Prior ConvictionsDuring Past 10 YearsLicense Suspension Period for BAC of .15% or higherLicense Suspension Period for Refusingthe Breathalyzer
01 month6 months
12 months9 months
23 months12 months
34 months15 months

What Happens at the Implied Consent Hearing?

The hearing is held in a small courtroom or conference room, where officers and attorneys will meet with the hearing officer (like a judge, but he or she works for the DMV). The officer will tell the judge what their probable cause was for the arrest and what happened in the Datamaster room, usually reading from their incident report.

Your attorney can then cross examine the officer and present evidence on your behalf. SC law limits the scope of the hearing to:

  • Whether there was probable cause for your DUI arrest;
  • Whether you were given a written copy of your implied consent rights and whether they were read aloud to you; and
  • Whether you refused to take the test.

If you took the breathalyzer and the result was .15% or greater, you can also argue:

  • Whether the result was, in fact, .15% or greater;
  • Whether the officer who administered the test was qualified to operate the machine;
  • Whether the officer followed SLED policy and procedure when administering the test; and
  • Whether the machine was working properly.

The hearing officer will review SLED policy and procedure provided by your attorney, as well as any information your attorney is able to get from SLED’s database – which may include information about error messages generated by the machine, whether maintenance has been performed on the machine, the temperature and expiration date of the simulator solution used in your breathalyzer test, and other test results generated by the same officer on the machine.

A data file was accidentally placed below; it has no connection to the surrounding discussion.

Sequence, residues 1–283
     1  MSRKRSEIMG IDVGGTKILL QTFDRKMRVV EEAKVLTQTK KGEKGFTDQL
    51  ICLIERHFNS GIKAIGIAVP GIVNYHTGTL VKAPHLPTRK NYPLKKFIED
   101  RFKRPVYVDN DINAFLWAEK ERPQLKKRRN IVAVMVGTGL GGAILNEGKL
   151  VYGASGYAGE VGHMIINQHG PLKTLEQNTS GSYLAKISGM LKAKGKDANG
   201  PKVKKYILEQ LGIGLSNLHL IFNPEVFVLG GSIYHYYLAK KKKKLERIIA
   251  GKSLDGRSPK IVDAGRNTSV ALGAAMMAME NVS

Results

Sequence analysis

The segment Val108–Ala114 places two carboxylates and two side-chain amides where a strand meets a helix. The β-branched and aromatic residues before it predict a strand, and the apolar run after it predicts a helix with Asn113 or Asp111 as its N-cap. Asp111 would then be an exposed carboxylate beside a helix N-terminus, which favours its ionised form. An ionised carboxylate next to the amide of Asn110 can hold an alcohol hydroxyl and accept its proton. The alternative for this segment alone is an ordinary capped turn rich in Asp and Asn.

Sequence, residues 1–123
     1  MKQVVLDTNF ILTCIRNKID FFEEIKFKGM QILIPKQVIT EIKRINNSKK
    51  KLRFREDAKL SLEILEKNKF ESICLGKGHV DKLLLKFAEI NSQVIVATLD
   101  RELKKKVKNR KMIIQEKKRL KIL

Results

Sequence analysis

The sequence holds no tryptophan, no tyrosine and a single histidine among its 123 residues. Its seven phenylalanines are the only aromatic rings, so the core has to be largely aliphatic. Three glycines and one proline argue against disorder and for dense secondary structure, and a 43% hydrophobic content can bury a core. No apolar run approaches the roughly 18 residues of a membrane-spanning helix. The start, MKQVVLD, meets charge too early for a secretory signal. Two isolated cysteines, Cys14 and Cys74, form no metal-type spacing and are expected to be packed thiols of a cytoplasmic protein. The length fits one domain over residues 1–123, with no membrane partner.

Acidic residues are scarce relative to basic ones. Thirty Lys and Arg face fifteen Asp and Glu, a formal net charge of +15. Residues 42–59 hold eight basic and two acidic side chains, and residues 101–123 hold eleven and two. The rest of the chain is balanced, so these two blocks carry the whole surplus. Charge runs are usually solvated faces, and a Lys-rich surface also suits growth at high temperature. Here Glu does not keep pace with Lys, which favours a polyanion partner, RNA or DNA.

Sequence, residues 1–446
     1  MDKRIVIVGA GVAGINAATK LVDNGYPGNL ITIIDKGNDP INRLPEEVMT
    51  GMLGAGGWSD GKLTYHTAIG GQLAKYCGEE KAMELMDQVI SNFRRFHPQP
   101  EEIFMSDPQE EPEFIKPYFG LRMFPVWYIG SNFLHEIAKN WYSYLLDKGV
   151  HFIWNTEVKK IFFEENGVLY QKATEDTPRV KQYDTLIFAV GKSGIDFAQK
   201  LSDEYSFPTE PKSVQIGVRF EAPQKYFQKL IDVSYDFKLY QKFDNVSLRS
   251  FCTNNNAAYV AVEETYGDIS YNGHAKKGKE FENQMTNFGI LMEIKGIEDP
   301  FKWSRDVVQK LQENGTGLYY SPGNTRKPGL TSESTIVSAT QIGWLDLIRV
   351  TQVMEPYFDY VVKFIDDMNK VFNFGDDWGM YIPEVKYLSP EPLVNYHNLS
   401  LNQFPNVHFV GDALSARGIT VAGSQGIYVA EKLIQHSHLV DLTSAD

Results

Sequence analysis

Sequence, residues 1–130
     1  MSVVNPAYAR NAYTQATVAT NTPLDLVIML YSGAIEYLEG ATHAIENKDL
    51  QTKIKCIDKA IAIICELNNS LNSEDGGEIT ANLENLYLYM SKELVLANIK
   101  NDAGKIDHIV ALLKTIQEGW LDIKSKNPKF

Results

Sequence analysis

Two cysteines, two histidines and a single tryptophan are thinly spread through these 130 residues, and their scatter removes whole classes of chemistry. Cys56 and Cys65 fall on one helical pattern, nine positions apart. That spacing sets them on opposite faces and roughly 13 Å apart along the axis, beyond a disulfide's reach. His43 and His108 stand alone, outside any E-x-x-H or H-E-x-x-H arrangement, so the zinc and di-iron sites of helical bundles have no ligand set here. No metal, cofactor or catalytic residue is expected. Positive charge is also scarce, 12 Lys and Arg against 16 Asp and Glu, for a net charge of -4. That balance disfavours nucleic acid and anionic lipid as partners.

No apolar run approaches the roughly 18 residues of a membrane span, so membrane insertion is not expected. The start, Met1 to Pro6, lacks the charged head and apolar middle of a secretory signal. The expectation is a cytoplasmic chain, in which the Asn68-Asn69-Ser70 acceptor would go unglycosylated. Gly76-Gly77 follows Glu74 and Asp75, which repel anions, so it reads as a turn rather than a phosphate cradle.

If the officer did not follow SLED’s policy and procedure or if the machine was not operating properly, the hearing officer can suppress the Datamaster result (which means you win).

What if the Officer Doesn’t Show Up at My Administrative Hearing?

If the officer does not appear at the hearing (and has not notified the hearing officer to request a continuance), you win because there will be no one to enter evidence against you.

There are many reasons why an officer may not appear at the hearing, although many police departments require them to show up and testify. In some cases, an officer may appear at the hearing but decide not to enter testimony – if this happens, you win the hearing just as you would if the officer does not appear.

What Happens if you Win the Implied Consent Hearing?

If you win the implied consent hearing, either because the officer did not enter testimony or because your attorney was able to prove that your license should not have been suspended, the “suspension is rescinded,” and you can go to the DMV to get your full license reinstated.

Winning your implied consent hearing, however, does not mean that you have won your DUI case in the criminal court – your DUI charges are separate, the DUI case will continue in the criminal court, and you should stay in contact with your attorney.

What Happens if You Lose the Implied Consent Hearing?

If you lose the implied consent hearing or if you did not request a hearing, your license is still suspended, you will need to enroll in ADSAP before you can get your license back, and your DUI case will also continue in the criminal court.

If you are later convicted of the DUI, the consequences for the DUI conviction will be separate and in addition to the consequences for the implied consent violation – if there is a license suspension based on your conviction, for example, it will be an additional suspension.

Need help with your DUI case?

If you are charged with any DUI offense in SC, contact a DUI lawyerimmediately – if you miss the filing deadline and do not request an administrative hearing for an implied consent suspension, your license will be suspended and you will still be facing prosecution for the DUI charge.

If you’re facing a DUI charge in South Carolina, immediately contact the attorneys at Templeton Mims & Ward so we can start building your defense.